The National Center for Healthcare Leadership has appeased at least some of its critics by letting them know what it is and why it exists.
Formed last November, the new leadership group intends to redesign how healthcare executives are trained, to produce leaders of large hospitals and large systems from within the industry. Its critics, which include healthcare academics and six other healthcare leadership associations, have questioned whether the organization will merely duplicate their current efforts (April 29, p. 6).
In an attempt to shore up support from academics who teach undergraduates, graduate students and midcareer professionals, the center's leaders presented both the process that led to its formation and a framework for moving it forward at the Association of University Programs in Health Administration's annual conference in Washington late last month.
The organization won points for its willingness to include a number of stakeholders in forming its final product. For example, it recommended creating a council of academics and practitioners to examine the type of leadership, professionalism and operations skills desirable in a healthcare leader.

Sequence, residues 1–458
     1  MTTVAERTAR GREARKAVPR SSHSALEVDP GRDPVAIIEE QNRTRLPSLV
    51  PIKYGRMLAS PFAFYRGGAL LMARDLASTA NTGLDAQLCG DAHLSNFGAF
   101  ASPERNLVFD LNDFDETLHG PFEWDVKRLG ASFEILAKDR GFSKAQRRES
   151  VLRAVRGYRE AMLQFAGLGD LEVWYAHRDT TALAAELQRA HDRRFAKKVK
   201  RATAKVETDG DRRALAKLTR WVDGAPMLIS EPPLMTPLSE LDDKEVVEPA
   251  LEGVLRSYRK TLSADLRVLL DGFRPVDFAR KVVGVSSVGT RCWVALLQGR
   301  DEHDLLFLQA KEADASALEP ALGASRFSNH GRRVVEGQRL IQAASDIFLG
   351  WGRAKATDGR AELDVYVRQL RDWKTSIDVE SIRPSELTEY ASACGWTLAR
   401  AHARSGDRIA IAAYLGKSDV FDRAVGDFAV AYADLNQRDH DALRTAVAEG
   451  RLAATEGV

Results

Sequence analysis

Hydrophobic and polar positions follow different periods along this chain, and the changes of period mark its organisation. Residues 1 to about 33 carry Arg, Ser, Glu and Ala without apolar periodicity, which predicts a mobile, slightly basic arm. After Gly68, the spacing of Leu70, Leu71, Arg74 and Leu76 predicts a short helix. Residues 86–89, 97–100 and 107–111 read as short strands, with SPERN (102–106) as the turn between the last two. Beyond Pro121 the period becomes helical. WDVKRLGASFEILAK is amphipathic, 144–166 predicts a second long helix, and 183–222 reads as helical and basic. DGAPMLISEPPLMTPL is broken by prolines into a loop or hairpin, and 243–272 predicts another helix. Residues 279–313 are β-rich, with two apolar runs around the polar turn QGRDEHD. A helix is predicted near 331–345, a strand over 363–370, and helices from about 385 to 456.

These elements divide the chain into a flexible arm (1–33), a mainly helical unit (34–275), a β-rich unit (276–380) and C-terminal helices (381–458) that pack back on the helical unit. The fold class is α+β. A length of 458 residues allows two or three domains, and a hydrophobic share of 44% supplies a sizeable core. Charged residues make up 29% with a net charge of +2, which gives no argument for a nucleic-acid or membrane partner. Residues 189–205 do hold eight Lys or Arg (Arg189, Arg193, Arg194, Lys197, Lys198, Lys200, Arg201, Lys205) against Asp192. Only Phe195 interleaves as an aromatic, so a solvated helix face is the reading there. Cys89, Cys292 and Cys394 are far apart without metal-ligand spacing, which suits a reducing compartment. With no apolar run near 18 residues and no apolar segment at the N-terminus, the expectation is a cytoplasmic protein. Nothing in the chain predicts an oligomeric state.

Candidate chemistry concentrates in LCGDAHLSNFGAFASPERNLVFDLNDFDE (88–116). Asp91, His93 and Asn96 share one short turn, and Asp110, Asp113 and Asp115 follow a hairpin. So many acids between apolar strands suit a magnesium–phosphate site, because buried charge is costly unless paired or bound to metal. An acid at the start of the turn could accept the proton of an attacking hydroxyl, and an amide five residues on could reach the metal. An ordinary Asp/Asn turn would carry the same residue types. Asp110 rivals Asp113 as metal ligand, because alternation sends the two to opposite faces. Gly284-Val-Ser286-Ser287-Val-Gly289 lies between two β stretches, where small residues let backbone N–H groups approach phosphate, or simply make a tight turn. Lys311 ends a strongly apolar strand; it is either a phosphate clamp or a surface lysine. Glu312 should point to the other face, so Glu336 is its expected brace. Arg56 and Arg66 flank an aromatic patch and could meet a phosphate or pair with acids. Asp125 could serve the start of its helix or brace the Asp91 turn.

"The feathers have been smoothed," said Gordon Brown, chairman of the department of health management and informatics at the University of Missouri's School of Medicine in Columbia.
Brown supports the center's concept but has been an open critic of its possible process and structure. The presentation, which highlighted cooperation, eased his fears that the NCHL's efforts would be duplicative, could waste resources and lead to infighting among existing leadership groups. "These questions have been answered," Brown said.
The center's focus on training people for high-level healthcare systems makes sense to Daniel Fahey, associate professor in the health science and human ecology department of California State University in San Bernardino, who attended the session.
"The paranoia is, who is going to do the training? I think we can bring a lot to the table," said Fahey, who embraced the new program.
That is the type of response Ross Baker, chairman of both the AUPHA and the new center's Core Competency Council, has looked for. "We need to be thinking about this from a system perspective," he said.
On a simple level, the leadership center addresses a recruitment issue. On a complex level, it addresses creating a work environment that brings together managers and clinicians, he said.